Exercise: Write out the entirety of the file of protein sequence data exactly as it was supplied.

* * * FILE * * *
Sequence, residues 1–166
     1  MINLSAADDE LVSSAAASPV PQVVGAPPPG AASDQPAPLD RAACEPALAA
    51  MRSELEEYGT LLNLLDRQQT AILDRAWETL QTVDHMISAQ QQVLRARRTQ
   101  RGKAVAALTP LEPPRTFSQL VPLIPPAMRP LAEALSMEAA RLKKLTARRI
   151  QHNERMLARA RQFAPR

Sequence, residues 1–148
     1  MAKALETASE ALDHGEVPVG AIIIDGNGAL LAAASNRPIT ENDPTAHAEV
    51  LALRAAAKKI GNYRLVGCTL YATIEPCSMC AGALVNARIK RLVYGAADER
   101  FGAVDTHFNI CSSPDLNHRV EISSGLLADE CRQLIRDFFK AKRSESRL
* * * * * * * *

Sequence, residues 1–166
     1  MINLSAADDE LVSSAAASPV PQVVGAPPPG AASDQPAPLD RAACEPALAA
    51  MRSELEEYGT LLNLLDRQQT AILDRAWETL QTVDHMISAQ QQVLRARRTQ
   101  RGKAVAALTP LEPPRTFSQL VPLIPPAMRP LAEALSMEAA RLKKLTARRI
   151  QHNERMLARA RQFAPR

Sequence, residues 1–148
     1  MAKALETASE ALDHGEVPVG AIIIDGNGAL LAAASNRPIT ENDPTAHAEV
    51  LALRAAAKKI GNYRLVGCTL YATIEPCSMC AGALVNARIK RLVYGAADER
   101  FGAVDTHFNI CSSPDLNHRV EISSGLLADE CRQLIRDFFK AKRSESRL